Monday, March 2, 2009
No matter the state of the economy, we are all still eating, drinking and socializing and fundraising events are a way to do all of this and give back all at the same time. Pick an event with a ticket price that matches what you’d normally spend on a night out. It is such a simple way to get out and give back.
2. Buy brands that give back
This is the easiest way to kill two birds with one stone. Buy something you need from a company that will donate a percent of your purchase to charity. Cause-related marketing – as this is called – is everywhere.
3. Make a few small donations
In economic times like these, many of us don’t have the means to contribute at the levels we used to, so we stop altogether. Instead of skipping the check, consider making a few small donations. If you can no longer give $1,000 – send $250. If you can no longer spare $100 – send $10. Believe me, every penny helps and nonprofits appreciate your support no matter how small or large.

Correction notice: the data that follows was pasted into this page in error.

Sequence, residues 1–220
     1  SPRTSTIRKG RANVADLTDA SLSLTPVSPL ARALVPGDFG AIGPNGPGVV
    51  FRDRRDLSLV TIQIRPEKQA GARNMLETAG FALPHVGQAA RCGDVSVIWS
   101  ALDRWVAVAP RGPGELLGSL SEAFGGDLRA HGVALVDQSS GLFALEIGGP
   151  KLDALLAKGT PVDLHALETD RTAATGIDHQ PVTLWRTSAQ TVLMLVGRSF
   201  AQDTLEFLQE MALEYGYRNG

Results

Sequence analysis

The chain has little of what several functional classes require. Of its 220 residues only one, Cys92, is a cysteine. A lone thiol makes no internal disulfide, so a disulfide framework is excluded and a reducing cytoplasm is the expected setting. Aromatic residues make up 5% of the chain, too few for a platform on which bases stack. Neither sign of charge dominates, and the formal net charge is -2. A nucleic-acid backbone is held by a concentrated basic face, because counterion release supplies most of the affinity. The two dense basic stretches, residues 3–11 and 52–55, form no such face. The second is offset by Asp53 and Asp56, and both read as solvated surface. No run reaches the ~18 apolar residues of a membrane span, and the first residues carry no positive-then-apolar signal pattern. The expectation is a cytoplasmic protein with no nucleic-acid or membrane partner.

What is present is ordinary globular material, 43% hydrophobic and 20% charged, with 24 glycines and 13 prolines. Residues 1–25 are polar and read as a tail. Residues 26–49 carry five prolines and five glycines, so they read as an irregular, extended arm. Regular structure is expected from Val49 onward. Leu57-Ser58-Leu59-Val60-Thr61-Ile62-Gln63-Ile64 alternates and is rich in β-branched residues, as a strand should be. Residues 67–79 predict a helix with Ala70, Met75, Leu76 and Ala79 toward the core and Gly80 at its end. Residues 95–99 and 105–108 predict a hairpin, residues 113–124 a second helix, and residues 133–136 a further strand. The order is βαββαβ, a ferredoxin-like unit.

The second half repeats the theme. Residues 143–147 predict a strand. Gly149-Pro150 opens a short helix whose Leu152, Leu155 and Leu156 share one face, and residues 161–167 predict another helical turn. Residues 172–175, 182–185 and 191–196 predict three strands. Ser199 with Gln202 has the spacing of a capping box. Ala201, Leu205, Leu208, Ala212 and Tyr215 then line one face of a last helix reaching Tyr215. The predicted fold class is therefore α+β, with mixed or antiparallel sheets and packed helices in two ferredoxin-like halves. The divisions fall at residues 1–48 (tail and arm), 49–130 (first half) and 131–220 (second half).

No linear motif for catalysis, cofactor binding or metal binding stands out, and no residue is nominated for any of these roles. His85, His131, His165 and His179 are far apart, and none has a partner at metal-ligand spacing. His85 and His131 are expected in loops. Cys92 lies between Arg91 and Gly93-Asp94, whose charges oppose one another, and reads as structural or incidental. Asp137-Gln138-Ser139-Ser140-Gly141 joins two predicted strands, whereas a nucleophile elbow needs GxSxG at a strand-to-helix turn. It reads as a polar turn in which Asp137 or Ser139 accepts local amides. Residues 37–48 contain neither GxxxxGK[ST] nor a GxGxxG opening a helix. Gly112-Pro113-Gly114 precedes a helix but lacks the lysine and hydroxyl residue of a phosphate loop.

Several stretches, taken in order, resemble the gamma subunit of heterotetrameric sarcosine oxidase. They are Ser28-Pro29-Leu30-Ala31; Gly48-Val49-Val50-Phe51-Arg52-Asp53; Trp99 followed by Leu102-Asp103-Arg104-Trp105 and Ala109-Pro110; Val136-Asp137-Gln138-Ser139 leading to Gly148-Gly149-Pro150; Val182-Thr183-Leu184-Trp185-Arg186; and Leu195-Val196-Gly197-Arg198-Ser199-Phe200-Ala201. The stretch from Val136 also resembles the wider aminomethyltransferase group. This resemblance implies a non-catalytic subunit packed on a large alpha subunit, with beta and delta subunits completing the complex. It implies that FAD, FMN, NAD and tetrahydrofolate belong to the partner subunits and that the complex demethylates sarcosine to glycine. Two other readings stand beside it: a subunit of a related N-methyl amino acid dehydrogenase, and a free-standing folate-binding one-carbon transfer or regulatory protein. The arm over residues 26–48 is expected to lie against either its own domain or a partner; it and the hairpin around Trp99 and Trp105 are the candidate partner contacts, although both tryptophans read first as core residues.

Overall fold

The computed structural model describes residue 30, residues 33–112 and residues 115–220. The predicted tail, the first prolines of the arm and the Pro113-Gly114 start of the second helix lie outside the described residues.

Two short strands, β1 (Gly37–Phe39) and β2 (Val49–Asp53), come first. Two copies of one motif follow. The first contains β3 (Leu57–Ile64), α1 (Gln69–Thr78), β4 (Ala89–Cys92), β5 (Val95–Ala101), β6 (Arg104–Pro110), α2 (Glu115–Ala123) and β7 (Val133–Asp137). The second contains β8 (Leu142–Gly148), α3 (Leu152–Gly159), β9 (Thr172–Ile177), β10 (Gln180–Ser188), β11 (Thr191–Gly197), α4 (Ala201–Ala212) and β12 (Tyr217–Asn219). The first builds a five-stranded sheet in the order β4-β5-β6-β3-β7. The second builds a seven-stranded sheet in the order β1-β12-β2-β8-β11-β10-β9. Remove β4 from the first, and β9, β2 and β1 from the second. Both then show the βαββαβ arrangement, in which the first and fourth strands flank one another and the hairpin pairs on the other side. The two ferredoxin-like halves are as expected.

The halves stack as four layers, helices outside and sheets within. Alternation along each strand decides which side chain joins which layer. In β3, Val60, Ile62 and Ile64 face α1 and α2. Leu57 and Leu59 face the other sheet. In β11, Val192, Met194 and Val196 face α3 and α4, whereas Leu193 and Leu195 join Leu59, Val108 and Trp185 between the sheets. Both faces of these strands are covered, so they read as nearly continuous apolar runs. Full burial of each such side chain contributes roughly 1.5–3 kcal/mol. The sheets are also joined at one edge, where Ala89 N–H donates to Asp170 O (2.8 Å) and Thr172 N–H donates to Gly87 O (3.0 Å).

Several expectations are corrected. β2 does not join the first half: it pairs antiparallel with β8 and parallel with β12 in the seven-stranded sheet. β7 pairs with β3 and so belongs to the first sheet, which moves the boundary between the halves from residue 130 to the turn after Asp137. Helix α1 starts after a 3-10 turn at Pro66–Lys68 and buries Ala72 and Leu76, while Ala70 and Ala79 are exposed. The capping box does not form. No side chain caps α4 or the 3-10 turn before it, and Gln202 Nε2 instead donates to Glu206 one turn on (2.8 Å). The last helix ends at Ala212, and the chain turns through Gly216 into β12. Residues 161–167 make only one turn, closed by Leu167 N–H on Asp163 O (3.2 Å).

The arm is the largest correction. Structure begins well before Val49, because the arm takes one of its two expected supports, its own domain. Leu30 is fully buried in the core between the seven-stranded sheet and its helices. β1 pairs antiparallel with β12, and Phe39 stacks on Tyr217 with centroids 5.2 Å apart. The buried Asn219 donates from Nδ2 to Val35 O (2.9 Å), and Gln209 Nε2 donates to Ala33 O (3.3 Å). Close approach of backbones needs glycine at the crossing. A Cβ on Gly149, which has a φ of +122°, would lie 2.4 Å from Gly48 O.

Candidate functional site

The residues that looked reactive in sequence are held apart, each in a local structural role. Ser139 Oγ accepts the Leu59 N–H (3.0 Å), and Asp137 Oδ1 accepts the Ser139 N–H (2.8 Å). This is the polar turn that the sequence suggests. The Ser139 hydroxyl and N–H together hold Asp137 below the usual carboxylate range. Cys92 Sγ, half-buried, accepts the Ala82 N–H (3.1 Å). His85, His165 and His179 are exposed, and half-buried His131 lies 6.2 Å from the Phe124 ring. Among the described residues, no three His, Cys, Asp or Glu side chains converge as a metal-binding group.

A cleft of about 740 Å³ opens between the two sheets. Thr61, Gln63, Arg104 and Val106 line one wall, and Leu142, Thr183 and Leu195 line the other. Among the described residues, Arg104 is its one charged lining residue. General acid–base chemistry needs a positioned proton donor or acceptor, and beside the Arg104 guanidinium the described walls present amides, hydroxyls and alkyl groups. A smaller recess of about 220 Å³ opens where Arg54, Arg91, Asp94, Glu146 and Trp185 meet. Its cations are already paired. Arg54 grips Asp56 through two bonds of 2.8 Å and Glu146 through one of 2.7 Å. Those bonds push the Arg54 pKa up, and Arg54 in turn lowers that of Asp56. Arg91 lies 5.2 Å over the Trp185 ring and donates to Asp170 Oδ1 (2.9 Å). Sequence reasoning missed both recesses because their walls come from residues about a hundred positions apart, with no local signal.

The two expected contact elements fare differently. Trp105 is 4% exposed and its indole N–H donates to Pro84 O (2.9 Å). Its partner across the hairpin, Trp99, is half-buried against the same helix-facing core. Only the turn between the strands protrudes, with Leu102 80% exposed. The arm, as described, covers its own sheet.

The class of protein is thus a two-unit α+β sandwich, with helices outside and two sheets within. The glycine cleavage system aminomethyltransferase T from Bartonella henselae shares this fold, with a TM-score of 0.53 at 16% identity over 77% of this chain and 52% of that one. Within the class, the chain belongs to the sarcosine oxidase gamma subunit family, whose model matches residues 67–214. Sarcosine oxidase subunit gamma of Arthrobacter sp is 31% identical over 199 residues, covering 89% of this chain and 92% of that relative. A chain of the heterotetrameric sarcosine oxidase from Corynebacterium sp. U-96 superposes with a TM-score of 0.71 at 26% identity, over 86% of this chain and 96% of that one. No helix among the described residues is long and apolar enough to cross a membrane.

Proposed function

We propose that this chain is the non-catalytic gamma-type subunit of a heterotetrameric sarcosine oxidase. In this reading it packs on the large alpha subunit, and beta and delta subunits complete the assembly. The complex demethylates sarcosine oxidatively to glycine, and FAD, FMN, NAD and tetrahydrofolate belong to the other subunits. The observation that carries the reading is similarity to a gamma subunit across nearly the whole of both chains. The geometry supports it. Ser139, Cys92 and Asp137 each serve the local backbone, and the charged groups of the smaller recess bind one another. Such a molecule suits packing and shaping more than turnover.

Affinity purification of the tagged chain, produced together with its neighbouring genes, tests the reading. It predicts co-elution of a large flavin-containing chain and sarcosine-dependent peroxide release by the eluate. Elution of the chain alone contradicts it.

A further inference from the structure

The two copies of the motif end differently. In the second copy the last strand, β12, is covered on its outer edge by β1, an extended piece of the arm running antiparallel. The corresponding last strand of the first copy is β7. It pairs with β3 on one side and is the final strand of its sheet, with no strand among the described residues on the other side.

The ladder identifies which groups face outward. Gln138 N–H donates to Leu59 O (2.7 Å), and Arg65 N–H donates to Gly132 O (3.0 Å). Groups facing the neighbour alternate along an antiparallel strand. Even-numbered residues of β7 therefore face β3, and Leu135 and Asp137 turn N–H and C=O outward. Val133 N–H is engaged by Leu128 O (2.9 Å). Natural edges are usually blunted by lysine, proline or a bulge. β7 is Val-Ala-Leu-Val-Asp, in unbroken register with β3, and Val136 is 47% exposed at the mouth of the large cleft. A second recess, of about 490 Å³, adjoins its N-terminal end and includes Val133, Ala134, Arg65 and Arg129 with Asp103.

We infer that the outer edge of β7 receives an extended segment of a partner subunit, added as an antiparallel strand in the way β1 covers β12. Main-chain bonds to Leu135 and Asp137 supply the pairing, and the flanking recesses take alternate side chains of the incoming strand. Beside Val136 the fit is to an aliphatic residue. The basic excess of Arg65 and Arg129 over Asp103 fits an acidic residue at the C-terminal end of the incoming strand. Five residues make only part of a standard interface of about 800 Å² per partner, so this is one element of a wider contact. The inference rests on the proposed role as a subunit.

4. Don’t wait until the end of the year
Most people wait to donate until the end of the year in the midst of holiday shopping, stress, and over-spending. Instead, try donating in April (when you are reminded how beneficial those tax write-offs are!), summer months (when you are spending more time engaged in free activities like lazy days at the beach) or any other time of the year when there may be a little more flexibility in your budget.
5. Share your talents pro bono